Friday, May 27, 2005

'Right' Is Making The World Better

One reason for thinking that consequentialism must be correct is that otherwise it might be morally wrong to make the world a better place, and that's just absurd. To bring out the force of this argument, consider the old 'Organ Harvest' scenario, where a doctor could kill an innocent passerby so as to transplant his organs into five needy patients (one who needs a heart, two needing kidneys, etc.), and thereby save their lives. Intuitively, we think it must be wrong for the doctor to kill, no matter the beneficial consequences. But can this intuition survive rational reflection?

Let's remove homicide from the picture, and consider two alternative possible worlds. In the first world, the five patients die, and the passerby goes on to live a happy life. In the second world, the passerby's head falls off (by brute natural chance) just as he's walking past the doctor's office. The doctor then uses the man's organs to save the five patients, who each go on to live happy lives. Further suppose that all else is equal - there are no other relevant differences between the two possible worlds. Which world is better? Surely, based on the descriptions provided, we must judge that world #2 is the better one.

Now suppose that God lets you choose which of the two worlds to actualize. (After making your decision, the divine encounter will be wiped from your memory.) You get two buttons. If you press the first button, the real world will be world #1, and the passerby will live. If you press the second button, the real world will be world #2, and the five patients will live instead. Which button should you press? Again, it seems obvious that you should press button #2. Given the option, we should choose to make the world a better place rather than a worse one.

Let's elaborate on how it is that the passerby's head happens to fall off (in the second world). It turns out an invisibly thin razor-sharp wire had been blown by a freak wind which fixed its position at neck height where the man was walking past. (No-one else was hurt and the wire soon untangled itself and blew away harmlessly into the nearest dumpster.) This presumably will not alter the moral status of any of our above judgments.

Now suppose that, instead of two buttons, God gives you a length of razor-sharp wire with which you can make your decision. By putting it straight in the dumpster, you will realize world #1. By fixing it in the appropriate place, you will realize world #2. Again, God will later wipe all memory of your decision and actions. What should you do? The situation seems morally equivalent to the previous one. There don't seem any relevant grounds for changing your choice. Thus the right thing to do, in this bizarrely contrived scenario, is kill the passerby.

So why shouldn't doctors go around killing people? Why, it would have bad consequences, of course! In the real world we are never perfectly rational and fully informed, so we can easily make mistakes when attempting utility calculations. There's the risk that you would be found out, which could result in widespread panic and a "climate of fear" that would make life very unpleasant for everyone in the society. Moreover, the action itself would probably warp your psychology, and without God to reset your brain, it might dispose you to commit wrong (utility-thwarting) acts in future.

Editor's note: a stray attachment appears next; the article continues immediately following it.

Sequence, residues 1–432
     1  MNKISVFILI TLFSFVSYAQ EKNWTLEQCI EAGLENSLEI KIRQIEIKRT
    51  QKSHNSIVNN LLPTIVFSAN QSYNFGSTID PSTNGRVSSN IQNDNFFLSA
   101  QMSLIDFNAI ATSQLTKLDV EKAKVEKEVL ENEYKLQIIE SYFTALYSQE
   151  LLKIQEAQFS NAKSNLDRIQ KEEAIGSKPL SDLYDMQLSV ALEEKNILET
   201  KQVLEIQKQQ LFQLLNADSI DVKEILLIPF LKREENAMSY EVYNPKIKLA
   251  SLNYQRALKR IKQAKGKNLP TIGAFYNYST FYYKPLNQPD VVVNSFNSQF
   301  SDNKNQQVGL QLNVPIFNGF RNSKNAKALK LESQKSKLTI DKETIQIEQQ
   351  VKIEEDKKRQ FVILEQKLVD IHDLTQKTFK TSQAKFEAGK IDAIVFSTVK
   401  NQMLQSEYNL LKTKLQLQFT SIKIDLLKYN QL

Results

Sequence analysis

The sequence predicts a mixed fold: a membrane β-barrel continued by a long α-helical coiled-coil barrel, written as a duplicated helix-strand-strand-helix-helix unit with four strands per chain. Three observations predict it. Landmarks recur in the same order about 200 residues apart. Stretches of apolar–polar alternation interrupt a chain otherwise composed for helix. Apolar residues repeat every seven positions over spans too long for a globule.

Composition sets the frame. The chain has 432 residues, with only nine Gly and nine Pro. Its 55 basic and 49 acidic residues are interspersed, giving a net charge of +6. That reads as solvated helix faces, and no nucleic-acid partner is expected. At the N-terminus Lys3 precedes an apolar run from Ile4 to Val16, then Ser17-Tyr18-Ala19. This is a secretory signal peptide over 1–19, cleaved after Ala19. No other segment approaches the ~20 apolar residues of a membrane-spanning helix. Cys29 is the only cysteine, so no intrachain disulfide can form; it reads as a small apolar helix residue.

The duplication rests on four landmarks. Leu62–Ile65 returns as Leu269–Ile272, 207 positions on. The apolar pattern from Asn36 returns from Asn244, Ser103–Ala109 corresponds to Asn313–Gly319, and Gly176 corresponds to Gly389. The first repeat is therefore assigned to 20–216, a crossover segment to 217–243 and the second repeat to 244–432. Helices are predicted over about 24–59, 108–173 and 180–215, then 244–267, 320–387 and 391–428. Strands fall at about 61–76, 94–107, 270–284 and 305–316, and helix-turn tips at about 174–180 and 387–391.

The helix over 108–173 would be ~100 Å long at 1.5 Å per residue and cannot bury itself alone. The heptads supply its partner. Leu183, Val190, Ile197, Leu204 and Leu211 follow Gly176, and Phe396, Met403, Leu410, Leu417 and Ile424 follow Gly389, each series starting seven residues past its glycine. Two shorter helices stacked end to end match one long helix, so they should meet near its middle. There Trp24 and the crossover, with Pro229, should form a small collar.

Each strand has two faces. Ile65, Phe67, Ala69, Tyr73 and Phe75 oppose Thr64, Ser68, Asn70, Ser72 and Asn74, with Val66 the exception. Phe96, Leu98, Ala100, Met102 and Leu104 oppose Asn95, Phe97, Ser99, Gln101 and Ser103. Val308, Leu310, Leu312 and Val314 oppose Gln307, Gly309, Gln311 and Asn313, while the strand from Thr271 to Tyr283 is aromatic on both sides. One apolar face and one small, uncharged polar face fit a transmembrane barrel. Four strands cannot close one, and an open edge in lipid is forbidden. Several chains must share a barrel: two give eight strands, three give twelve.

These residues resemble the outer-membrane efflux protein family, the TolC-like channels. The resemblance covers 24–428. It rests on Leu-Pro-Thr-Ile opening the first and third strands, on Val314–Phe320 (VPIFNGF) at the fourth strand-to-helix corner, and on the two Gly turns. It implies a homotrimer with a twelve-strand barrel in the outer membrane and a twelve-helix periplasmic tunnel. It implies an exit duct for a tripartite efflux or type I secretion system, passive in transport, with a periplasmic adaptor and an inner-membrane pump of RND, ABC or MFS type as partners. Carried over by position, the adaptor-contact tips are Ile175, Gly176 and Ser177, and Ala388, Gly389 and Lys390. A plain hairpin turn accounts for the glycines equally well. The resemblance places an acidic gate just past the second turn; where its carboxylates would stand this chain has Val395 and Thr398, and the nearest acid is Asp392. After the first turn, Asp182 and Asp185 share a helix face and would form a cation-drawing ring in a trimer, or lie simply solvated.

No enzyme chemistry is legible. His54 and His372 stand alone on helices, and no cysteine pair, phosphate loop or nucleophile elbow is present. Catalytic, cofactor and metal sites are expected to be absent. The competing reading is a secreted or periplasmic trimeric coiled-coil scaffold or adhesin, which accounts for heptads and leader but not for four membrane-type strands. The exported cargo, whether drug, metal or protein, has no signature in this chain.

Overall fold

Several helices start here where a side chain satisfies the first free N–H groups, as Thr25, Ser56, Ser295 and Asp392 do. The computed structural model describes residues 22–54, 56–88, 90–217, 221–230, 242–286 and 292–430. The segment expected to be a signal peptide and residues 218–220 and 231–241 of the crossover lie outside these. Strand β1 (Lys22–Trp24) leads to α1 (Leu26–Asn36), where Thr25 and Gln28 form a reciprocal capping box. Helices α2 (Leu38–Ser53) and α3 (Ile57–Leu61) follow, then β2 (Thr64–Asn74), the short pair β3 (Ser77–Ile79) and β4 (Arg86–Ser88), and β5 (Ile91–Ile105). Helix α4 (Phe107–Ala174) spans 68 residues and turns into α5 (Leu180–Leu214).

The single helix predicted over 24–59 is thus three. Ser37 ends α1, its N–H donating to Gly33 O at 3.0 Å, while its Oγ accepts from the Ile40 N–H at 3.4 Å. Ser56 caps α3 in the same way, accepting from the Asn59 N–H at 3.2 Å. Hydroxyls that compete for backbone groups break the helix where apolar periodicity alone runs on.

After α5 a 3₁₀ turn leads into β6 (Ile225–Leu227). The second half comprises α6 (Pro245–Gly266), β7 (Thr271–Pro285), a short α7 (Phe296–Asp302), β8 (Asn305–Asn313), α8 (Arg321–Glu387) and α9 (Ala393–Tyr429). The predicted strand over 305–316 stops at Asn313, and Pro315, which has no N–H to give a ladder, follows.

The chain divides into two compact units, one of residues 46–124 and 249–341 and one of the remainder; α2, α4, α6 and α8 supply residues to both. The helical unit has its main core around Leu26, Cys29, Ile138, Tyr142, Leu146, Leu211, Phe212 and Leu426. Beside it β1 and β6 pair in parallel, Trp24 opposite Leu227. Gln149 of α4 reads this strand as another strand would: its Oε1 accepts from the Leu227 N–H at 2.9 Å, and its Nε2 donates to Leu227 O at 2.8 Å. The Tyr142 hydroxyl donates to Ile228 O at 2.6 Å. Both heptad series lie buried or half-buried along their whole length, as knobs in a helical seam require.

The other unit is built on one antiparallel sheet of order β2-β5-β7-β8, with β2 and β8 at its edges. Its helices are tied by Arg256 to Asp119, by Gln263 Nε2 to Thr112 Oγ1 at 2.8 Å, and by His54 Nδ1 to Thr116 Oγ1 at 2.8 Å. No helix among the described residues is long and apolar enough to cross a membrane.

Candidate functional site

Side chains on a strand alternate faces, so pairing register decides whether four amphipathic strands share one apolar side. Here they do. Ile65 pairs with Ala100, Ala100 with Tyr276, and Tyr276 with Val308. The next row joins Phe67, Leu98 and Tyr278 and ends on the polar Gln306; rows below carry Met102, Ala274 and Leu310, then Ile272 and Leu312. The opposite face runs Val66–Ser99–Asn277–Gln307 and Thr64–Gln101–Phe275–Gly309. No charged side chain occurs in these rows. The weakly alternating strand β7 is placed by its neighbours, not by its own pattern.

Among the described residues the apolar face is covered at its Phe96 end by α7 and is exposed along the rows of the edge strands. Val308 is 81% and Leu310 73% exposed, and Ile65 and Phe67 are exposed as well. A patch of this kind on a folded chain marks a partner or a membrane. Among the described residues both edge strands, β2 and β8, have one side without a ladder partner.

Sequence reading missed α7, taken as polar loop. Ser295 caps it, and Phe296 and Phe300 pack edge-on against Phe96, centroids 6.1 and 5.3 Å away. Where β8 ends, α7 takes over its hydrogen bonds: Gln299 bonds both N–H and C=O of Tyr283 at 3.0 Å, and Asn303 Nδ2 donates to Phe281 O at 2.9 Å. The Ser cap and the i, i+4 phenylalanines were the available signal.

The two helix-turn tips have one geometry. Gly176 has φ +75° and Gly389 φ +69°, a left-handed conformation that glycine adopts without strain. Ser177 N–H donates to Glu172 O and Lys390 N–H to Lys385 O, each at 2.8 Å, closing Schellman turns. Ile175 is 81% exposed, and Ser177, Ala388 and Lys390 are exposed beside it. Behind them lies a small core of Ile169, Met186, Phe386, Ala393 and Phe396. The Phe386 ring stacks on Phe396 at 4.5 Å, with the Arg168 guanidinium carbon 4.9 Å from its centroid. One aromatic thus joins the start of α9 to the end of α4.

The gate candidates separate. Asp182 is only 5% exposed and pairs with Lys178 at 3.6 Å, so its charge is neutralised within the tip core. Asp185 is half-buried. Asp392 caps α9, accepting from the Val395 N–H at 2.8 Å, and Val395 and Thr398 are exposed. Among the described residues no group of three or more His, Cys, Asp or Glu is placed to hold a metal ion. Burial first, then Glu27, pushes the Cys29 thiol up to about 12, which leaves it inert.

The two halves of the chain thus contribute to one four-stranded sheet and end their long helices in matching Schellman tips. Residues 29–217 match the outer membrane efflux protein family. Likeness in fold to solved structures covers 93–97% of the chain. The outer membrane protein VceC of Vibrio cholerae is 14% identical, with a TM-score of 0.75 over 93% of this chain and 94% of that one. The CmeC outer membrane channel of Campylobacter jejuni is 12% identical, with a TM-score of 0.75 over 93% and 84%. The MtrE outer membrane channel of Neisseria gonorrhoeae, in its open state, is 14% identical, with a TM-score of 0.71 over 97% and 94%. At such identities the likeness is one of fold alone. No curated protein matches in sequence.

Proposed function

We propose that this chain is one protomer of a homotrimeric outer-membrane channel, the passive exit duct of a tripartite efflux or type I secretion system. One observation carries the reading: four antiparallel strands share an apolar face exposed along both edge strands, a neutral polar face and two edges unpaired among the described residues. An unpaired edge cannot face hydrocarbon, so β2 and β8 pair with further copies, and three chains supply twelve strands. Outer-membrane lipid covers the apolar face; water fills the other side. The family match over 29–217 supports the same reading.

So the utilitarian can agree that homicidal doctors are almost always acting wrongly. But in any (bizarrely unrealistic) scenario where it would actually do more good than harm, we must judge that it would indeed be right. (Given that such situations would never arise in real life, this judgment has no practical import.) Though this initially seems counter-intuitive, further reflection can support the judgment. The real absurdity is not the utilitarian conclusion, but the bizarre scenario that critics of utilitarianism are appealing to here.

7 comments:

  1. Richard:

    If we take seriously the notion of making the world better, we cannot confine ourselves to consequences. For an action genuinely to make the world better, by 'world' we have to mean something that includes the action itself. So for most non-consequentialists the 'world' we choose would have to be understood as including not merely the scenario we choose but also the choosing of the scenario itself. And for a non-consequentialist it would make perfect sense to ask the question, "Even considered independently of any consequences of this choosing, is this choosing itself a world-worsening constitutent of the world?"

    Thus, e.g., why shouldn't doctors go around with homocidal intent? -- yes, it would have bad consequences (and thus is prudentially to be avoided), but more importantly because, ceteris paribus, a world with doctors of homocidal intent is itself a worse world, and this (most non-consequentialists will say) we know without even having to look at the consequences of this intent to see what they are. Indeed, it seems to me a non-consequentialist would usually say that we would know that a world with doctors of homocidal intent is itself a worse world than a world without them, even if it turned out (to our very great surprise) that having doctors of homocidal intent resulted in uniformly good consequences. So, I'd think, your scenarios could perhaps be spun in favor of a non-consequentialist position.

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  2. Brandon, that's a good point about how the decision/action itself is part of the world. But where in my sequence of scenarios would you draw the line? I'm guessing you'll have to do it between the button and razor-wire scenarios. Surely you agree that it is right to press button #2. But how then do you justify not laying out the razor-wire? What morally-relevant difference is there?

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  3. One reason for thinking that consequentialism must be correct is that otherwise it might be morally wrong to make the world a better place, and that's just absurd.

    Denying consequentialism doesn’t make it morally wrong to make the world a better place, it just doesn’t make it morally obligatory

    Consequentialism says that in order to do good you must do whatever is within your power to continually make the world a better place, and if you are not then you are doing wrong, you should not be considered a ‘good person’.

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  4. Richard,

    Sorry to get back to this so late; I've been busy finishing and presenting a paper for a conference.